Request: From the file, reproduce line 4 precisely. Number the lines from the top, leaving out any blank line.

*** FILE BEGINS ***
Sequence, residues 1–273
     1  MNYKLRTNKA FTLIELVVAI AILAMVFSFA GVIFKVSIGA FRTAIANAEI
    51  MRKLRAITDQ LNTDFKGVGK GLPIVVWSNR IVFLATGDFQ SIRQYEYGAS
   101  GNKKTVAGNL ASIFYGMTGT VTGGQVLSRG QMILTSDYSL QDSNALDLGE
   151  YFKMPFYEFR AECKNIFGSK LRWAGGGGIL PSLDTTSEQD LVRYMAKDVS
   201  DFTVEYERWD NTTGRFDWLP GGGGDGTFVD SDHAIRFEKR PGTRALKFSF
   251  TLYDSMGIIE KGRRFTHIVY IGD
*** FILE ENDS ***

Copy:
   101  GNKKTVAGNL ASIFYGMTGT VTGGQVLSRG QMILTSDYSL QDSNALDLGE